Yes it would be cheaper to enlarge the negative, but I wanted to do some post processing on the image. It's color right now, and I want to convert it to black and white, adjust the contrast, and clear some skin blemishes.
     
  9. Big Mike

    Big Mike I am Big, I am Mike Staff Member Supporting Member

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    I have my film scanned by the lab when it's developed. It's much cheaper to get it done at this time because the film is scanned as it runs through the machine. Then they cut it, and give it back to you. If they have to scan the film after that...it can only be done a few at a time.

    Of course it's not a hi-rez scan. The files I get are 1840 X 1230...basically a 4x6 @ 300 DPI. However, I have had nice 8X10s printed from these files...even after cropping.
     
  10. ShutteredEye

    ShutteredEye TPF Noob!

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    I usually do this too, at $7.29 a pop (add that to the cost of developing/printing and initial film purchase, and you're at almost $20 a roll--hence my desire to go digital at this point.) This particular image came out at 1700x1110 at 200 dpi.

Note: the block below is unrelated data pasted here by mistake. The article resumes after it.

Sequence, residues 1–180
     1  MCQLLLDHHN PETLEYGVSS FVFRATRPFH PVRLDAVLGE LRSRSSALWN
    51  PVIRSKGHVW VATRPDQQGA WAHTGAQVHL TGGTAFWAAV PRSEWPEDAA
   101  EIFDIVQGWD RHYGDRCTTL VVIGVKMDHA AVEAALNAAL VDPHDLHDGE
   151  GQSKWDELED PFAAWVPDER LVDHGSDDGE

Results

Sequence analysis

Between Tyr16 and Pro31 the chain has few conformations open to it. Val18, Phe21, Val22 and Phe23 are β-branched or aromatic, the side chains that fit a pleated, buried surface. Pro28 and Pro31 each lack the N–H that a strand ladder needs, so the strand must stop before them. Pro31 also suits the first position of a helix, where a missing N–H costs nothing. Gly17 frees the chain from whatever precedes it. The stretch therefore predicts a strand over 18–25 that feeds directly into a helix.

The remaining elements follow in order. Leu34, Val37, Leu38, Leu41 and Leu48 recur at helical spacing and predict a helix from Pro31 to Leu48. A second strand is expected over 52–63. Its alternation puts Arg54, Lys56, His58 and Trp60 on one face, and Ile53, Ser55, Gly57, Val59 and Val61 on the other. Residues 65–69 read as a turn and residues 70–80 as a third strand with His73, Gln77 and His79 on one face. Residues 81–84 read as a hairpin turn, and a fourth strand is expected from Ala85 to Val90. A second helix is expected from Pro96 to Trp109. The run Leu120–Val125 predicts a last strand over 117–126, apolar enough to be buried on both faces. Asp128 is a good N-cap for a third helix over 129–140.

11. Mumfandc

    Mumfandc TPF Noob!

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    If you want the very best scan from a piece of film, drum scans are usually the answer. And if you think $15.99 is too much, be prepapred for the price of a drum scan. Drum scans require careful inspection of your negative, then they do a tedious process of cleaning and mounting your negative on a clear cylinder with some sort of fluid/oil. They can scan up to 10,000 dpi OPTICAL resolution.

    Take a look at pro labs like:

    www.duggal.com
    www.westcoastimaging.com
    www.aandi.com